Economic and Social Research Institute

10. ESRI

The Economic and Social Research Institute was founded in Dublin in 1960, with the assistance of a grant from the Ford Foundation of New York. The ESRI is governed by an independent Council which acts as the board of the Institute with responsibility for guaranteeing its independence and integrity. The Institute’s research strategy is determined by the Council in association with the Director and staff. The research agenda seeks to contribute to three overarching and interconnected goals, namely, economic growth, social progress and environmental sustainability. The Institute’s research is disseminated through international and national peer reviewed journals and books, in reports and books published directly by the Institute itself and in the Institute’s working paper series. Researchers are responsible for the accuracy of their research. All ESRI books and reports are peer reviewed and these publications and the ESRI’s working papers can be downloaded from the ESRI website at www.esri.ie .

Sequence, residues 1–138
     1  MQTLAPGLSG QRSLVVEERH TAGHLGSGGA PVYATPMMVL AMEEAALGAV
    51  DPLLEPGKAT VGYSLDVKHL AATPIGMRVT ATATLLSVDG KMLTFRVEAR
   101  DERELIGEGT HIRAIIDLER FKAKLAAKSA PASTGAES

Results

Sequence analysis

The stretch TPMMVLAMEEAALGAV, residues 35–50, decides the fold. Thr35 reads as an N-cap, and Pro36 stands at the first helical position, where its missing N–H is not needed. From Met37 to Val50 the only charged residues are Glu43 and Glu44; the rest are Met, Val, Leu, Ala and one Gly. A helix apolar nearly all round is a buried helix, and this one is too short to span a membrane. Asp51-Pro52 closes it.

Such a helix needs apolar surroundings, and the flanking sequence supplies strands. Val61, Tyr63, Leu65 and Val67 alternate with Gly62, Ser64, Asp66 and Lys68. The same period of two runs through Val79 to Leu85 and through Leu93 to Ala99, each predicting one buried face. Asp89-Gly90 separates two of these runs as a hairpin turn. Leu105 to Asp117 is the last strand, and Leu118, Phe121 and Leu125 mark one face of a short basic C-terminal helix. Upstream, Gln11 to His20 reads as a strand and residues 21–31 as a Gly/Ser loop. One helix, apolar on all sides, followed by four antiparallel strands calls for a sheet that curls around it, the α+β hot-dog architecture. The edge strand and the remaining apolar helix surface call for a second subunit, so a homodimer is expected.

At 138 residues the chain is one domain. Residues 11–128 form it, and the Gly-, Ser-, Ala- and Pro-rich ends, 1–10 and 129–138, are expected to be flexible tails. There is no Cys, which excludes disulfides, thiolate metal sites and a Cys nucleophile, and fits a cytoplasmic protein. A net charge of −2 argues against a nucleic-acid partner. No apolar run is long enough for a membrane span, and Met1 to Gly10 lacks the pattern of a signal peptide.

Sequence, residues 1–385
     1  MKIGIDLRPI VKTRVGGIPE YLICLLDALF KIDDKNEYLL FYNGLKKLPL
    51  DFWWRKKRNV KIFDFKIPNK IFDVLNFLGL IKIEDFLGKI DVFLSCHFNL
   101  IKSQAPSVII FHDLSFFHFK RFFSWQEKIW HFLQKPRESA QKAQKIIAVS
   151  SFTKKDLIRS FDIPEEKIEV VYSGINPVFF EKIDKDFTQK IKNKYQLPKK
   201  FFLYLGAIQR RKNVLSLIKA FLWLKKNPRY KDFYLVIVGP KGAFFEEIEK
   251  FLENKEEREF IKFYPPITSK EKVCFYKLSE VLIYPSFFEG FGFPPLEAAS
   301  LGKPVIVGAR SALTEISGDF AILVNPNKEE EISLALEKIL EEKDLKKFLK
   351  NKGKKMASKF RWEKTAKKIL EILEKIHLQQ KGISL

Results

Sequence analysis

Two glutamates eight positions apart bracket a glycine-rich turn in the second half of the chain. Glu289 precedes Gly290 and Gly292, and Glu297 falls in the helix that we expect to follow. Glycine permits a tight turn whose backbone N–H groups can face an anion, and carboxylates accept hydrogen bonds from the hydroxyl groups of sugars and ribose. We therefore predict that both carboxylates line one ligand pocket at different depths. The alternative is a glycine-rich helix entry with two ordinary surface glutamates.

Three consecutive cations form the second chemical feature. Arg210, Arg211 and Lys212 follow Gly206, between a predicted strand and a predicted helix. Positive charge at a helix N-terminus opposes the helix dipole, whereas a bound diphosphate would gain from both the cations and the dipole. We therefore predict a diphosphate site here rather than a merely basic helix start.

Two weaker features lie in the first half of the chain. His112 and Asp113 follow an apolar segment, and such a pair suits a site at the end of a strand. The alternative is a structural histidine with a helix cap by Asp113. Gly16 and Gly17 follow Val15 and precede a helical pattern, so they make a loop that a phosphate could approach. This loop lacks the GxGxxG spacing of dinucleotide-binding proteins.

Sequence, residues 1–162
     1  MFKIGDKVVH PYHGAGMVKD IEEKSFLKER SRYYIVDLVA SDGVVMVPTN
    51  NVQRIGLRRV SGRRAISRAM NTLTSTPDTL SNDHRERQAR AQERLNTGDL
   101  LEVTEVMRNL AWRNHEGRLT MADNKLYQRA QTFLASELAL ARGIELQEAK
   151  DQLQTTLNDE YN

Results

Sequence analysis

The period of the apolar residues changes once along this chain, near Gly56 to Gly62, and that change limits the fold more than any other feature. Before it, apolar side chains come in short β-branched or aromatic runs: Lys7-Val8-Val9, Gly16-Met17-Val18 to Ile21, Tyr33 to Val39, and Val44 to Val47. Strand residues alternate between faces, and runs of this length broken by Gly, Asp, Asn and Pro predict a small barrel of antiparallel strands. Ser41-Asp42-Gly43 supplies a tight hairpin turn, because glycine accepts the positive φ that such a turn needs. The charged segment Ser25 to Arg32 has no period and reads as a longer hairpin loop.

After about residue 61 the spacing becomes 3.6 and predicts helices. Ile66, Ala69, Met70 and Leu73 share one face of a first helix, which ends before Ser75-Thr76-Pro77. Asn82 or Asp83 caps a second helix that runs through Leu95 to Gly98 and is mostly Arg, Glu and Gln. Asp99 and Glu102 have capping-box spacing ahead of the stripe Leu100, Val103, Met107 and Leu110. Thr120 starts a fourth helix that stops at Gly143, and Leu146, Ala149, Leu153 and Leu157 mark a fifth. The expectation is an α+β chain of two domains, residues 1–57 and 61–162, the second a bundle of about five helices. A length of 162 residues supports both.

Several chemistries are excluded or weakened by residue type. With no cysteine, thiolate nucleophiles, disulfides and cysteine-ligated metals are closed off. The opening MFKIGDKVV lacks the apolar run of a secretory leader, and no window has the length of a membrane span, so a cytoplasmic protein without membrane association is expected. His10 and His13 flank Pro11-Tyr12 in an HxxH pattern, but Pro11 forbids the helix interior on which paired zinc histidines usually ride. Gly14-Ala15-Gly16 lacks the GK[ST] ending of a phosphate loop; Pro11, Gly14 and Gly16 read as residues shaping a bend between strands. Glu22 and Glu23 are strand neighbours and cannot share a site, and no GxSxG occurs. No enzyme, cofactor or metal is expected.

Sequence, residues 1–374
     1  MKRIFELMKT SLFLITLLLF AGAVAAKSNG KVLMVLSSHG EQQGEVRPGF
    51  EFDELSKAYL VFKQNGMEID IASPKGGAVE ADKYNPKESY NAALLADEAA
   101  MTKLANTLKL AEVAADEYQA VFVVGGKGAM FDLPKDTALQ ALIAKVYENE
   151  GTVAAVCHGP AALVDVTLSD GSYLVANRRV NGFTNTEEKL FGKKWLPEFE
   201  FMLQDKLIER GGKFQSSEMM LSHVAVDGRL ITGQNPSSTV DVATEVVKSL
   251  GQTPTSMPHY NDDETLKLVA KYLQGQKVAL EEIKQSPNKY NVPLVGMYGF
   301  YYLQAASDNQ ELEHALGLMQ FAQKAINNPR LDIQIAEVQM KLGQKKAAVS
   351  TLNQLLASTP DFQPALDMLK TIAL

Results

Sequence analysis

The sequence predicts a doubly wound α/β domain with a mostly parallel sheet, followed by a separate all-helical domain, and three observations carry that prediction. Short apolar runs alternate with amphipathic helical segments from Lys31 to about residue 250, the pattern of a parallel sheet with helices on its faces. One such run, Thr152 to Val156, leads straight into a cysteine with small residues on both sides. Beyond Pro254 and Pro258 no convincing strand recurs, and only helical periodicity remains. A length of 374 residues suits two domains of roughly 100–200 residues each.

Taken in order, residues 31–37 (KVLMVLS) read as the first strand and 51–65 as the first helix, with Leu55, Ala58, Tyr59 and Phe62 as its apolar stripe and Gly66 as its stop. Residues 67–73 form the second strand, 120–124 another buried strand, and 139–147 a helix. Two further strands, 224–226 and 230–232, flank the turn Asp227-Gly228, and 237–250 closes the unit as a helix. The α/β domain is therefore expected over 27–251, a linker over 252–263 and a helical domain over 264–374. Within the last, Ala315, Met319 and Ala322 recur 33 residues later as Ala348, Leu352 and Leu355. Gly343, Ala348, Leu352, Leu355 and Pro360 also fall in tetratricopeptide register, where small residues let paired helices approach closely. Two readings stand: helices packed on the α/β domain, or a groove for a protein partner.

The main tasks include being Work package leader for WP5 MISMATCH SKILL and contributing to WP10 FLEXI, WP2 DISSEMINATION and WP 11 HANDBOOK.

Previous relevant experience includes working in collaboration CEDEFOP, the OECD, and EQUALSOC.

Intellectual/ Academic Disciplines: Sociology and Economics.

McGuinness, S. & Wooden, M. (2009). Overskilling, Job Insecurity and Career Mobility. Industrial Relations: a journal of Economy and Society, 48(2), 265–86.

McGuinness, S. (2006). Overeducation in the labour market. Journal of Economic Surveys, 20(3), 387–418.

Russell, H., O’Connell, P. & McGinnity, F. (2009). The impact of flexible working arrangements on work-life conflict and work pressure in Ireland. Gender, Work & Organisation, 16(1), 73–97.

Russell, H. & O’Connell, P. (2001). Getting a job in Europe: the transition from unemployment to work among young people in nine European countries. Work, Employment & Society, 15(1).

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